December is one of the hardest months to get through for a small business. Everything seems harder as the days continue to get shorter, deliveries are affected by snowfall and bad weather, and the Christmas week always means that you’re short staffed for part of the month. That’s why you need to think about gearing up the New Year now, rather than on December 31st.
If you’re in the goal setting business mindset, you can think of posting these aspirations for January (and beyond), while if you’re more of the traditional kind, then think of these ideas as small business resolutions to help you re-energize your client base in the New Year:
Get back in touch
It’s easy to let relationships slide in the run-up to the holiday season, especially with your longest standing partners. While you’ve probably sent out company Christmas cards, January should be the time to pick up the phone and check in with everyone. You’ve got an automatic conversation starter in “Happy New Year!” and you can use that time to re-establish communication and make a plan for your partnership for the new year.
Update your website
Think of the New Year as a time to clean up and update your website. There’s sure to be items and pages that have sat in dusty corners for longer than they should have. It’s also a good time to make sure that your offers pages are up to date, to add in some new customer testimonials and to give visitors a preview of what changes are coming in the new year.
- If your social media game is on point, and you have accounts across all big platforms, use the New Year to update your profiles, set new pictures and make a medium plan for the content that you’ll publish. You should also set a resolution for reaching out to your followers and likers in a more interactive way each week – think a poll, asking open questions or set up a picture competition. These active engagement activities will increase your fan base as well as serve to energize your existing clients.
- If you rarely use social media, set your small business resolution to set up accounts on Facebook, Instagram and Twitter. If it’s not in your wheelhouse, find the person in your company who is familiar with these platforms in their personal lives and have them work on these accounts or consider hiring a professional social media manager. Your social media presence should include directions to your stores and website, as well as posting news items, pictures and special offers to help you find new customers or to connect more deeply with existing clients.
Using the New Year as a motivator for increased client communication is a great way to build work motivation, as your staff will feel the buzz of new and exciting change around the building. However, the adrenaline will quickly wear off if you don’t attend to the needs of your staff. Part of your getting back to work after the holidays should include some time focusing on your people:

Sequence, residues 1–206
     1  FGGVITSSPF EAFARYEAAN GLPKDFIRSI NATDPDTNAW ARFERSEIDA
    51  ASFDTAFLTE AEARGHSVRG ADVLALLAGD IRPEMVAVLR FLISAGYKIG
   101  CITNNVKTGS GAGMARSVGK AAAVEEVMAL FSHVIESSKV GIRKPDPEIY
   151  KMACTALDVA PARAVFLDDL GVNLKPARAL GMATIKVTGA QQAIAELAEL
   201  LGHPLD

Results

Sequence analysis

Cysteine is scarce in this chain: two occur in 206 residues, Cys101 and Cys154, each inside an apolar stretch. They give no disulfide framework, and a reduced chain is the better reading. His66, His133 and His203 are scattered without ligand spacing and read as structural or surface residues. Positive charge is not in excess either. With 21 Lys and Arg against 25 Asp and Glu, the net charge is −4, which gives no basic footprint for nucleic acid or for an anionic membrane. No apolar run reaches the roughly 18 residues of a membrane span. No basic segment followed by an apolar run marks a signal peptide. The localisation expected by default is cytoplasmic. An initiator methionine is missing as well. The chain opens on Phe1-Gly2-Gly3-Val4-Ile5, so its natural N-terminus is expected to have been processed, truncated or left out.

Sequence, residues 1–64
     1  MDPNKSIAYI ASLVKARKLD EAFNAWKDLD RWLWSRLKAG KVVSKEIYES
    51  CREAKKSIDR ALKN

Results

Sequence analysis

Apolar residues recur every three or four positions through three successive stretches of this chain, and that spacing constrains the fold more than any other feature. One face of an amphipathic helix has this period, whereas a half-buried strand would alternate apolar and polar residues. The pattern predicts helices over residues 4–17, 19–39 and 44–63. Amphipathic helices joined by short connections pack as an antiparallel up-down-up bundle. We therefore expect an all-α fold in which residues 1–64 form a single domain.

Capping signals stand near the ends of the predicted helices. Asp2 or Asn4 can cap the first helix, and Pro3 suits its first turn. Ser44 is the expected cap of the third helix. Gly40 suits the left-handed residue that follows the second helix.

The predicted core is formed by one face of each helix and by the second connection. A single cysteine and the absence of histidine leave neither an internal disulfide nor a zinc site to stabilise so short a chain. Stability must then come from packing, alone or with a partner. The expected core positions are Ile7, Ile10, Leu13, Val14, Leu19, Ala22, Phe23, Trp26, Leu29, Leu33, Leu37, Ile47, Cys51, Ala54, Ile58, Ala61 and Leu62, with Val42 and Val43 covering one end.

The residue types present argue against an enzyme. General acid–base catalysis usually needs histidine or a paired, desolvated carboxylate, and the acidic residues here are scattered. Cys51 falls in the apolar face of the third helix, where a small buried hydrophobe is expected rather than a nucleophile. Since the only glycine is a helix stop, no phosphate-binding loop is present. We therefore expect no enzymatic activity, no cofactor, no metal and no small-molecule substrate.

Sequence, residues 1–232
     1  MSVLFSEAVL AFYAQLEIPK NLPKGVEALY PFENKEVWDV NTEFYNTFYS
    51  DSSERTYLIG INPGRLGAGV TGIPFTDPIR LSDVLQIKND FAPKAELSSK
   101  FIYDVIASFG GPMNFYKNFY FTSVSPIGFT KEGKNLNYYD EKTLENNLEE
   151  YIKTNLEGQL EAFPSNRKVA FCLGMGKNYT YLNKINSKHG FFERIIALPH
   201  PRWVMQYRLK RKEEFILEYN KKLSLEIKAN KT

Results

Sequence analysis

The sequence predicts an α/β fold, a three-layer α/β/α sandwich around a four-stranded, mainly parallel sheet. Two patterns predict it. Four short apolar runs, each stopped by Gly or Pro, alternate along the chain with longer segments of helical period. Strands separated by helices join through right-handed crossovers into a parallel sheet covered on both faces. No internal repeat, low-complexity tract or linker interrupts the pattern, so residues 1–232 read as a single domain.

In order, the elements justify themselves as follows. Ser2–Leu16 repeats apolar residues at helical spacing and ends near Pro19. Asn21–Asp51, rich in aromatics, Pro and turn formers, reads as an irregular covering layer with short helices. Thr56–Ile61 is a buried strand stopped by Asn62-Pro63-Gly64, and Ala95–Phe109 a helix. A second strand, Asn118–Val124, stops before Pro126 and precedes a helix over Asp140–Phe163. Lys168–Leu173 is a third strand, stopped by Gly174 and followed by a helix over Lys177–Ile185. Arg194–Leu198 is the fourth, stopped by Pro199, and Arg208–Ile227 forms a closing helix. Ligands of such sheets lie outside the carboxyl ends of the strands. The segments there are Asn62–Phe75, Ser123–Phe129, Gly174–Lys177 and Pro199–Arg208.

Everyone works better when they know what the plan of action is. As a small business leader, it’s your job to make sure that every employee has bought into your vision of where the company is going, and what their role is to make that vision become reality. Sending out emails often feels impersonal, so you should set a goal to meet face to face with your staff more frequently to share important updates and to get their feedback.
In the small business world, it’s easy to take on all the responsibility as a leader as it’s your baby and you know how you want everything to work. However, this practice disengages your team, as your more ambitious members will be disappointed that there is an opportunity for growth that never comes. Take some time over the holiday period to reflect on the strengths and potential of your staff and find areas where you could ask someone to step up and take something off your overcrowded plate or look into hiring a Virtual Office Assistant. This will allow you to concentrate on the more important goal of growing your business. Not only will your own work/life balance improve, but you’ll see an increase in their motivation as they take on the extra responsibility.
Nobody wants to be the hard taskmaster who has to crack the whip to get people to work. Instead, flip the paradigm and set up a rewards system for productivity. Give your employees an extra boost by allowing them to choose their goals and their rewards, such as paid time off or small office perks. Be sure to reflect with them as they meet this milestone, and to have reflection time as a whole team towards the end of January about how it feels to work in a highly productive setting.
Whatever your small business resolutions, the keyword is accountability. Just like setting a fuzzy goal to lose some weight or drink less in the New Year, all of these intentions will be for nothing if there’s no process in place to check in on them.
Set SMART goals
S = Specific
The goal has to name a particular behaviour or action (e.g. clearing out website content)
M = Measurable
The goal has to be written in terms that you can measure it (e.g. clearing out website content that is dated 2017 or earlier)
A = Achievable
The goal has to be something that is possible to be done (e.g. don’t set a goal of attracting 1000 new clients if you only procured 15 in the last calendar year)
R = Relevant
The goal has to relevance to your overall mission and vision (e.g. I will post to our social media pages weekly with new offers and deals)
T = Time specific
Above all, you need to attach a time scale to the goal (e.g. I will clear out the website content before the end of January).
With your resolutions set as SMART goals, you and your team will be ready to get back to work after the holidays and have a productive and successful 2019.